Archives for the month of: August, 2011

This blog is about Port Augusta. But I have just returned from playing pilgrim and wonder if my heart has moved as far as my body. You see, only after a long journey can I experience that unique feeling of coming home. From Galilee to the gulf, from Madrid to the mountains. All is the same, yet all now has a flavour of history, of a shared cultural universe that ties all our stories into one. The Holy Land speaks to our own sacred country. The birthplace of religious traditions whispers in love to the spirituality of the Dreaming. They share not only joy, hope and salvation, but memories of pain, of devastation, of reluctant healing.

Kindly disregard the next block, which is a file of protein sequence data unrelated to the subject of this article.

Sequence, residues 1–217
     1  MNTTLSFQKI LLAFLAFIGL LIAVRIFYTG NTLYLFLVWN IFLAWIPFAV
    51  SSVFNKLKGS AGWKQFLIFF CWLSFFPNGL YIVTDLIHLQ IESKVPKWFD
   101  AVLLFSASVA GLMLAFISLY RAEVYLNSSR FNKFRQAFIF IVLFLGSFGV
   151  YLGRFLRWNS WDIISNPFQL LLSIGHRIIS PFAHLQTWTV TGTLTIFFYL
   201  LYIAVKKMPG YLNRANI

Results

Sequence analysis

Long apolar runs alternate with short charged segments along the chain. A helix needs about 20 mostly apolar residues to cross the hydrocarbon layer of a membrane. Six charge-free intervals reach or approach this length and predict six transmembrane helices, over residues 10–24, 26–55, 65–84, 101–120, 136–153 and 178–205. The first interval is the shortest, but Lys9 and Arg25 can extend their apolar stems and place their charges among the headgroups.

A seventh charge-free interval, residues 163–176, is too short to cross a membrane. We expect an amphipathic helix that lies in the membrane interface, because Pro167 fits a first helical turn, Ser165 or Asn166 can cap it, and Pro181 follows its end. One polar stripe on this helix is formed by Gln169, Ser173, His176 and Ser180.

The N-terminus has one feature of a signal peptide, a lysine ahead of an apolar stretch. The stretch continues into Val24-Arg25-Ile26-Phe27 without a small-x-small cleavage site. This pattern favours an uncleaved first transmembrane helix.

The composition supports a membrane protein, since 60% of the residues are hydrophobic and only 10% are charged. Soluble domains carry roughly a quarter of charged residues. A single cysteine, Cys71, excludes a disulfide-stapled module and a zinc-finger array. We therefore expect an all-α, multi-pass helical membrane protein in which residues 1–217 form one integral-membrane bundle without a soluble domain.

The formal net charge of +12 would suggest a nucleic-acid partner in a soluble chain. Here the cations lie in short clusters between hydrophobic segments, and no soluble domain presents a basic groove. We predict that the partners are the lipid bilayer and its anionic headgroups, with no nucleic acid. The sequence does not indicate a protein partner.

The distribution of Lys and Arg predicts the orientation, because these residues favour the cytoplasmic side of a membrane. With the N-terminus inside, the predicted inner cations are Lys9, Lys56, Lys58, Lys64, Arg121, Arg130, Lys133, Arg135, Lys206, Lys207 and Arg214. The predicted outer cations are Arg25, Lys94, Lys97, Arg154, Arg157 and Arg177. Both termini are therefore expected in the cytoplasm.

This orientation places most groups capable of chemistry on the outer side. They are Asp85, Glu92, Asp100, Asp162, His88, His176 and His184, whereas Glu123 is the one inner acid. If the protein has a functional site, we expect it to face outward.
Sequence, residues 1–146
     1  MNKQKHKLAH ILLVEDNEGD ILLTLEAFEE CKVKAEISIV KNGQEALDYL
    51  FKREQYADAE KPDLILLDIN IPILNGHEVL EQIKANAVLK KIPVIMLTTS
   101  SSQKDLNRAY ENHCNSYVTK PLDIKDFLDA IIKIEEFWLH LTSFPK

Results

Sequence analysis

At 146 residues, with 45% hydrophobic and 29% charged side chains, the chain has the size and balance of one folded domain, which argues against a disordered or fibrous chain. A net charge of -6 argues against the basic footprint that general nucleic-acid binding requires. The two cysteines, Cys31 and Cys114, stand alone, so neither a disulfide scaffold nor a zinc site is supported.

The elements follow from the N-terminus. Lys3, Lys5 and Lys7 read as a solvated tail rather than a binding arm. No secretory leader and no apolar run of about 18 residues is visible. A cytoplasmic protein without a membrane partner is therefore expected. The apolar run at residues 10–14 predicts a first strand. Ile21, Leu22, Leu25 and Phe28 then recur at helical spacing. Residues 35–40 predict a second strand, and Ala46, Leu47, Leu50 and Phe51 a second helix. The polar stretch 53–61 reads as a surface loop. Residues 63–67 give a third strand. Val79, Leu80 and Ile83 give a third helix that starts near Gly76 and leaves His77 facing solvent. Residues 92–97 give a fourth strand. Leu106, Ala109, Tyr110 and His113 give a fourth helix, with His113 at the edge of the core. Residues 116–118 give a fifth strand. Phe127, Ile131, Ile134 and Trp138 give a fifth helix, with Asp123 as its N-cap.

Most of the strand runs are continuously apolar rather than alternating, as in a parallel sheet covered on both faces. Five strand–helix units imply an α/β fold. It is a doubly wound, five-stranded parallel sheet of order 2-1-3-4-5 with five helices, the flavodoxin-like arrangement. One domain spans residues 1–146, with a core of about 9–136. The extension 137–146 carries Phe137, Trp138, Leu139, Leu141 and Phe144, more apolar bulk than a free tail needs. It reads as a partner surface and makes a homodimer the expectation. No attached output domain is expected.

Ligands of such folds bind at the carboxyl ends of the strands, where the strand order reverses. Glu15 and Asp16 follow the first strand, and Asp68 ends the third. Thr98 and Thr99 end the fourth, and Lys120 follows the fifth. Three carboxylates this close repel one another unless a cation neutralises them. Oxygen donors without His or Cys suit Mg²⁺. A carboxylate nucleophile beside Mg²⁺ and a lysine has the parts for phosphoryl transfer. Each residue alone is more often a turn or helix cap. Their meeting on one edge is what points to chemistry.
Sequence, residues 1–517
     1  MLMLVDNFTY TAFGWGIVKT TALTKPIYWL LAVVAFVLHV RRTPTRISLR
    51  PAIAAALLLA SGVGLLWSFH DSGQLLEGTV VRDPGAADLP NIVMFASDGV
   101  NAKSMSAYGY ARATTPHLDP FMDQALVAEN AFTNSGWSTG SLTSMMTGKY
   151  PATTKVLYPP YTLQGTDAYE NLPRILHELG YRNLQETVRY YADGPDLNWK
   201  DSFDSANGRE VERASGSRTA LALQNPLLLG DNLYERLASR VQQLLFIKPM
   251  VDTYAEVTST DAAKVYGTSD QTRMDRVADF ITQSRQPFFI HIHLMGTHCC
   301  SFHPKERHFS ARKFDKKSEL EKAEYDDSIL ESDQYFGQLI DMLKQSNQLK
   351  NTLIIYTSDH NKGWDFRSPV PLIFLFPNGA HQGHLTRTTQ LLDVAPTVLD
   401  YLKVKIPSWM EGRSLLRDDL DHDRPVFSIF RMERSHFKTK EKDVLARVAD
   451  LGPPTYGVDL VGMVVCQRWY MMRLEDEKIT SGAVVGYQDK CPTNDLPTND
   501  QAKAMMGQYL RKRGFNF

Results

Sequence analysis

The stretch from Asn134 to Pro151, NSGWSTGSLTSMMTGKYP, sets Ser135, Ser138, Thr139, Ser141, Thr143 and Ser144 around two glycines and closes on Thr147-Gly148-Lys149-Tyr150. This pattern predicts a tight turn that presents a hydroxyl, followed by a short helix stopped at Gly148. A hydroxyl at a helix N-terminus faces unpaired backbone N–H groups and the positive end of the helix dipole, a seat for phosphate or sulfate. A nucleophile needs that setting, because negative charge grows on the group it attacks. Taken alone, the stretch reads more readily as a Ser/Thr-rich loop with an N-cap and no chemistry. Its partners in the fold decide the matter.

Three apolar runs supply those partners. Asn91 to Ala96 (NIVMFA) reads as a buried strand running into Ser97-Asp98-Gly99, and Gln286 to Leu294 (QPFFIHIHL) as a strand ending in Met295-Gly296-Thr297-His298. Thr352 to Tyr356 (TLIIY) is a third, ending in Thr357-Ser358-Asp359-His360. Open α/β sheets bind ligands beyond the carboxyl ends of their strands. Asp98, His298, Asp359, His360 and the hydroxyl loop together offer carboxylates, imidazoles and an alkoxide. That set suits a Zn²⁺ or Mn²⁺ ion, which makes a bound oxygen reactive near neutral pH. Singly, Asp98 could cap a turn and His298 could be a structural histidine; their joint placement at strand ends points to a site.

Our pilgrimage occurred over the last three weeks, mediated through the countries of Jordan, Israel, Palestine and Spain. It was with a group of young Catholics from this country region, whose ultimate goal was to celebrate with over a million other young Catholics at World Youth Day Madrid. As might have been expected, the detour through the Holy Land brought our faith alive like nothing else. There is no other experience quite like having one of our group – a young Aboriginal man – baptised at the very site of Jesus’ own baptism on the River Jordan. Or celebrating Mass on a boat on the Sea of Galilee, where Jesus preached, fished, called his apostles and walked on water. But the tranquil waters and sturdy vessel brought to mind the young seafarers that I’d left in Port Augusta. Now, back to reality, we still have 39 unaccompanied minors from Vietnam locked away in our Detention Centre after having survived at least 12 days at sea seeking asylum in Australia. They are also devout Catholics who dream about meeting the Pope, but their only tenuous wish is to be allowed to stay as refugees. On the Sea of Galilee, Jesus said, “Take heart, it is I; do not be afraid.” Easy words to repeat on pilgrimage; very difficult in the midst of a storm.